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Nucleic Acids Res. 2005 Jan 1; 33(Database issue): D338–D343.
Published online 2004 Dec 17. doi:  10.1093/nar/gki047
PMCID: PMC540001

Pseudomonas aeruginosa Genome Database and PseudoCAP: facilitating community-based, continually updated, genome annotation


Using the Pseudomonas aeruginosa Genome Project as a test case, we have developed a database and submission system to facilitate a community-based approach to continually updated genome annotation (http://www.pseudomonas.com). Researchers submit proposed annotation updates through one of three web-based form options which are then subjected to review, and if accepted, entered into both the database and log file of updates with author acknowledgement. In addition, a coordinator continually reviews literature for suitable updates, as we have found such reviews to be the most efficient. Both the annotations database and updates-log database have Boolean search capability with the ability to sort results and download all data or search results as tab-delimited files. To complement this peer-reviewed genome annotation, we also provide a linked GBrowse view which displays alternate annotations. Additional tools and analyses are also integrated, including PseudoCyc, and knockout mutant information. We propose that this database system, with its focus on facilitating flexible queries of the data and providing access to both peer-reviewed annotations as well as alternate annotation information, may be a suitable model for other genome projects wishing to use a continually updated, community-based annotation approach. The source code is freely available under GNU General Public Licence.


In 1997, we initiated a community-aided approach for genome annotation that functioned solely through the Internet (1,2) with the goal of critical and conservative genome annotation at reduced cost. This approach was applied to the Pseudomonas aeruginosa Genome Project during initial genome annotation efforts, and involved enlisting volunteer researchers from the Pseudomonas research community to submit annotations of genes and gene families with which they were familiar. We used this annotation approach because: (i) The P.aeruginosa PAO1 genome was the largest bacterial genome sequenced to date; (ii) P.aeruginosa is the third most cited bacterium in Medline and has a strong research community studying it. The project, termed the P.aeruginosa Community Annotation Project or PseudoCAP, was met with enthusiasm—47 researchers initially expressed interest in the project, and in the end 61 researchers submitted a total of 1741 annotations, a sizeable volunteer contribution for a genome containing 5570 genes. After publication of the complete P.aeruginosa PAO1 genome sequence in the year 2000 (1), we have now expanded the methodology of our approach and our core database to facilitate the development of a continually updated genome annotation database for this organism.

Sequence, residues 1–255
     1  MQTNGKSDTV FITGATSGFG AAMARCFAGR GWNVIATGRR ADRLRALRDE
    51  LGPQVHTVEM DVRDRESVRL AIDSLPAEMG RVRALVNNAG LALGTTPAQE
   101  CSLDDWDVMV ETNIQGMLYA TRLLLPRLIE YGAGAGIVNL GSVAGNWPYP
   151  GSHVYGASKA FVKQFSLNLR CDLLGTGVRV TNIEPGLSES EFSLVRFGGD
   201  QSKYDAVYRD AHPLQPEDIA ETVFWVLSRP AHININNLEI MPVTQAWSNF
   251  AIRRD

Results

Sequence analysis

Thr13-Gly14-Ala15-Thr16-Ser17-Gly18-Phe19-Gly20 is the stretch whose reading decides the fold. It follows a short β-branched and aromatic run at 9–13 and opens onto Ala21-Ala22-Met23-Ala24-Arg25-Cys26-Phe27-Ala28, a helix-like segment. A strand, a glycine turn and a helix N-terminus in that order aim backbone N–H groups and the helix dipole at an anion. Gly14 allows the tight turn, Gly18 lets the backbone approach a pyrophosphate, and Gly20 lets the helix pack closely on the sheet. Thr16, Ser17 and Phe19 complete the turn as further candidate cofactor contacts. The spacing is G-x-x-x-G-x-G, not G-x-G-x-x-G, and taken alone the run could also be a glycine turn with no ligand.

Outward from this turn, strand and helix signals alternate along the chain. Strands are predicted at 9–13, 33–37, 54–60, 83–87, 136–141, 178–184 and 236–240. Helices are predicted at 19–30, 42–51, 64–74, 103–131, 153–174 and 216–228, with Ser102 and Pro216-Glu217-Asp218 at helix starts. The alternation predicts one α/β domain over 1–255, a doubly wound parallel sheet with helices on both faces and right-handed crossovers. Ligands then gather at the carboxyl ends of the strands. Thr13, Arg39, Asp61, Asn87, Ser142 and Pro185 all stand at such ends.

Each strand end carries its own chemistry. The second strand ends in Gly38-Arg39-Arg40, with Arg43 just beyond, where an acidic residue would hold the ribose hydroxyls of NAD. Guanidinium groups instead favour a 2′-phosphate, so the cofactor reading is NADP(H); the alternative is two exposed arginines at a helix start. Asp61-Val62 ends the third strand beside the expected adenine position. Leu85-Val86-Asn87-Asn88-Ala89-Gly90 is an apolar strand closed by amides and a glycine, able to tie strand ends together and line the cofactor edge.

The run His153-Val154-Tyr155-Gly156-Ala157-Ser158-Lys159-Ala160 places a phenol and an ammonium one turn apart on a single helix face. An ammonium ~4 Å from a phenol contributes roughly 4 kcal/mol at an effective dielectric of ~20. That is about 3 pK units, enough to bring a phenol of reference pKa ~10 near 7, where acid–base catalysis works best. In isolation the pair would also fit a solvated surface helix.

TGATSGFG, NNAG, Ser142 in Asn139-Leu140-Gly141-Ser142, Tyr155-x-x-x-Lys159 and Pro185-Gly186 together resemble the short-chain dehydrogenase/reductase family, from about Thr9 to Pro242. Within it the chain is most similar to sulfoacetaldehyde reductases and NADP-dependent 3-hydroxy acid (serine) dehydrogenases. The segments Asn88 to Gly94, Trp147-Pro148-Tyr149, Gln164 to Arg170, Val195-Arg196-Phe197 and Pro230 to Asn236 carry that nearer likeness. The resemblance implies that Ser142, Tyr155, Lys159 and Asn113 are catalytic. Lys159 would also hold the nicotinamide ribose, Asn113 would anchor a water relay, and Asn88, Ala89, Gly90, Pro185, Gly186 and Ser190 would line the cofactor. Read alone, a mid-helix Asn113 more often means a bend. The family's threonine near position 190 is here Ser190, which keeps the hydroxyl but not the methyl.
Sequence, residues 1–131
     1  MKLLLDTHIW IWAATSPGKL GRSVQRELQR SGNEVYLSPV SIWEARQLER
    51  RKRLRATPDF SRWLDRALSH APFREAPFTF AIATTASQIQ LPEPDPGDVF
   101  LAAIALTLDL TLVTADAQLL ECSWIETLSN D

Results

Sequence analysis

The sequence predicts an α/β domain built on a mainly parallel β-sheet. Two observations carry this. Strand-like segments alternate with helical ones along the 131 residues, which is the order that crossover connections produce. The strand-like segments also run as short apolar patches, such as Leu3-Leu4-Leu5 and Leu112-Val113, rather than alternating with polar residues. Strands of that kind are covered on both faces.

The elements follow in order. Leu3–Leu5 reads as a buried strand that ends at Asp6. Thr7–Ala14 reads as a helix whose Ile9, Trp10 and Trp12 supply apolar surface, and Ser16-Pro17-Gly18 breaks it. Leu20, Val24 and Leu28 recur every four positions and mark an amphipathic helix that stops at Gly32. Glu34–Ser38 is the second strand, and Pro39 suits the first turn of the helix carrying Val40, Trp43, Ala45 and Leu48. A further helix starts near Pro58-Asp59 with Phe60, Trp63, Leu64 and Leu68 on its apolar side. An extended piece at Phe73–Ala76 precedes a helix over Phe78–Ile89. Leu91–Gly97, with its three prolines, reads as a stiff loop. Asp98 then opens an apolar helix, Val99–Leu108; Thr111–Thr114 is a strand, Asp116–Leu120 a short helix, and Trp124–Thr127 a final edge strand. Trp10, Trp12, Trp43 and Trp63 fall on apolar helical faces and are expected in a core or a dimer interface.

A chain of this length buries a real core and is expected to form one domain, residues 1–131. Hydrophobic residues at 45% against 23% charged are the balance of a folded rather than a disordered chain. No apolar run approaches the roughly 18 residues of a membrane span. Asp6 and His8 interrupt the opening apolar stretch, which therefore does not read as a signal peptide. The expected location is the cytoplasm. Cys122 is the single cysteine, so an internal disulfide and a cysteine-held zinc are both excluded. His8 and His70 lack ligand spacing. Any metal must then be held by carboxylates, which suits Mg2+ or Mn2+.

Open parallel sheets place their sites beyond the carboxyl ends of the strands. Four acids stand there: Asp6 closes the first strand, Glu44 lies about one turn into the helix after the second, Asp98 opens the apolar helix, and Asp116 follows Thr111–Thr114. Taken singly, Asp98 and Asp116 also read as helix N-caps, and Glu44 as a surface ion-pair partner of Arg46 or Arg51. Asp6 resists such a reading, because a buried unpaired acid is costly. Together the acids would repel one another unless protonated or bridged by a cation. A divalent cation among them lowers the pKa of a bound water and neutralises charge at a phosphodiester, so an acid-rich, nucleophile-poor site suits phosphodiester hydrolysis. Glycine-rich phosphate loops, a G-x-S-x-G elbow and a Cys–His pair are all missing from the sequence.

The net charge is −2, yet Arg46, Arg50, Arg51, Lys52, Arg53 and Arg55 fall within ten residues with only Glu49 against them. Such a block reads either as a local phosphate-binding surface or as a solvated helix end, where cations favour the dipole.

A number of community-based approaches to genome annotation have been previously used for other genome projects (37) although few of them were exclusively Internet-based. One of the best examples of a successful approach to maintaining a continually updated genome annotation database through an Internet portal has been WormBase (8) for the Caenorhabditis elegans genome project (The C.elegans Sequencing Consortium 1998). Our approach has been similar to that of WormBase, perhaps with the most notable difference, other than our bacterial focus, being that we have put more emphasis on the development of a user-friendly log file of annotation updates, which is more amenable to searching and includes submission of relevant author information and a detailed description of the updates. Such user-friendly log file search flexibility will become increasingly important as update log files increase in size and complexity. Other excellent community-reviewed annotation systems have been developed that are suitable for bacterial genomic data including the PeerGAD system (9) and ASAP (10). However, they also appear to lack a Boolean searching facility for the log file or have notable functionalities missing, such as the ability to accept changes in DNA sequence (9) or perform sequence-based searches (10). In addition, alternate annotations made by other research groups/centres are not easily viewed in these systems. We provide a combination of both peer-reviewed centralized, and unreviewed decentralized, data resources that utilize a combination of previously reported approaches, including the ‘open annotation’ approach (11) and the Distributed Annotation System (12).